In our modern missionary practice we have constantly, almost invariably, violated this principle. We have constantly thrown the whole responsibility for the administration of baptism upon a foreign teacher who, as a stranger, is in the worst possible position to judge the real motives and character of those who offer themselves for baptism, and by so doing we have done much to weaken the sense of mutual responsibility among our converts. We have taught them that the church is a brotherhood, and that they must all work together for the good of the whole, but in practice we have denied their right and their duty to exercise that responsibility, and that at a most vital point.

It is true that we commonly require native sponsors. But it can hardly, I think, be said that we have by that requirement succeeded in throwing the real responsibility of admission upon the local church. If a man has been prepared, or examined, and accepted by the priest in charge, the mere fact that he has been so accepted exercises an overwhelming influence over the minds of an oriental congregation. They will not appear to resist the authority of their spiritual masters; and where, as is sometimes the case, the priest claims, or readily accepts, sole responsibility for the administration of the sacrament, they naturally allow the claim. It is a very extreme action to oppose the baptism of a man, whom the priest in charge has declared his willingness to accept.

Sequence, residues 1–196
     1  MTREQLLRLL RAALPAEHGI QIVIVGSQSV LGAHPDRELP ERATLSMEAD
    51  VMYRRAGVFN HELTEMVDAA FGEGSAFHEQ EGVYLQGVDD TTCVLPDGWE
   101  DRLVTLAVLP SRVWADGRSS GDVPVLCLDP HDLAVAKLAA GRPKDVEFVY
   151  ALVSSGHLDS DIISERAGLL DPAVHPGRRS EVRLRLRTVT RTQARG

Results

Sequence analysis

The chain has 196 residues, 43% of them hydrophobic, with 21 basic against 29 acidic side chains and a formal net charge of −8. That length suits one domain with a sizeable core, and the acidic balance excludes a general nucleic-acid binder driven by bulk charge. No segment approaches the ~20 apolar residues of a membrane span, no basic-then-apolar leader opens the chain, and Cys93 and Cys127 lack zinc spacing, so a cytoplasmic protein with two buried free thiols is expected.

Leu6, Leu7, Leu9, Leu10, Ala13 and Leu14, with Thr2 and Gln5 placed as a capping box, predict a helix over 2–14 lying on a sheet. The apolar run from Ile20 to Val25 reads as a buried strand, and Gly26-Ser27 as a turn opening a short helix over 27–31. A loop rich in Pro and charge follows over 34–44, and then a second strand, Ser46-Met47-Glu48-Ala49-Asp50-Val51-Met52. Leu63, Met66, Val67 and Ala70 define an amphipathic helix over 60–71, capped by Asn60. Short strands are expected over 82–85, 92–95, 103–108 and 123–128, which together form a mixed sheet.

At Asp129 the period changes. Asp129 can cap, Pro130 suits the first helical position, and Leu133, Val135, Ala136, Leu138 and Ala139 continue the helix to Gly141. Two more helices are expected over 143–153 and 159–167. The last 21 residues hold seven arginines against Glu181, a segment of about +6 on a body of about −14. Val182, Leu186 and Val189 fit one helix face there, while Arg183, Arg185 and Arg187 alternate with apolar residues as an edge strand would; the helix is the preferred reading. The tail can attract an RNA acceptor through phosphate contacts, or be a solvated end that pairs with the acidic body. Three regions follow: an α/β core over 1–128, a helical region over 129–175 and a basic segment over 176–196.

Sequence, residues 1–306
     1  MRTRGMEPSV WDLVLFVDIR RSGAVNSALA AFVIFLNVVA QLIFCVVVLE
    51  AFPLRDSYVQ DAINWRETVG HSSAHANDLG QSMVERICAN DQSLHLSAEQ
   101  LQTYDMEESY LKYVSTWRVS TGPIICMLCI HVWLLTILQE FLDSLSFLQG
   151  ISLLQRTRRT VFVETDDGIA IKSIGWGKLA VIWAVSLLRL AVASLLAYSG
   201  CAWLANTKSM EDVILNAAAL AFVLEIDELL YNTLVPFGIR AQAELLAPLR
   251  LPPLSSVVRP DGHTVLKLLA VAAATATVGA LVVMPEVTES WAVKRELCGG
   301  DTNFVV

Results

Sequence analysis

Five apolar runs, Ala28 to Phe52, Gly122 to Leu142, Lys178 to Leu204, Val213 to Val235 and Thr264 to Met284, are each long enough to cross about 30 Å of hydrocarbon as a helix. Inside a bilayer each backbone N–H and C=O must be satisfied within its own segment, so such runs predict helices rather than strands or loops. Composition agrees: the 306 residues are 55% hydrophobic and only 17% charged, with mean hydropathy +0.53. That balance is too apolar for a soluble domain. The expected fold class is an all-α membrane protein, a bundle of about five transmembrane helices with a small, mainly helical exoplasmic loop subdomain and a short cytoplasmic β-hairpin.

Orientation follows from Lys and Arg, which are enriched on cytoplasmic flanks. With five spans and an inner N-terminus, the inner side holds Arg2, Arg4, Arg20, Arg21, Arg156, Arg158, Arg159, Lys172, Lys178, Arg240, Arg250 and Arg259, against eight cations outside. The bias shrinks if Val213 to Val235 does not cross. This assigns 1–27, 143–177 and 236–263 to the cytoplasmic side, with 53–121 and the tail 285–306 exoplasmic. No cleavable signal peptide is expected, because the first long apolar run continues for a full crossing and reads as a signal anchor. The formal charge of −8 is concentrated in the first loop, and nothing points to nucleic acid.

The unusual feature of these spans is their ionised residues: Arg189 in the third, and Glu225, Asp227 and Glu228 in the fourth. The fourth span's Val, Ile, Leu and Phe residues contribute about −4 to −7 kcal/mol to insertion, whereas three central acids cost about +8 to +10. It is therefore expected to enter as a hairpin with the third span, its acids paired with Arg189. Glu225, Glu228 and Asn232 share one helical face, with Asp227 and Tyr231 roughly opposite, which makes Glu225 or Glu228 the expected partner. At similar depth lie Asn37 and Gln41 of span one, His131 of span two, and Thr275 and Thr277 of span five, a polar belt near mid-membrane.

Many a man has been baptized who would not have been admitted if the whole body of the church had realized that the responsibility for his admission rested with them, and had had opportunity to express their opinion in their own way. Even as it is, men sometimes fail to find sponsors, though we can at the moment perceive no reason why they should fail; but such cases are, I fancy, rare. I cannot see what we gain by assuming the responsibility, and acting on our own authority in these matters. We are often left to act in much doubt and perplexity. The unworthy are not always rejected or sent back for further teaching; the worthy are not always accepted. We do not avoid the dangers of mistaken judgments, we rob the people of the right and duty of expressing themselves and so exercising and realizing by exercise their mutual responsibility one for another. I should like to see it accepted as a general principle that converts should be presented by members of the church to the church, and accepted by the church and baptized on the authority of the whole local church acting as a church.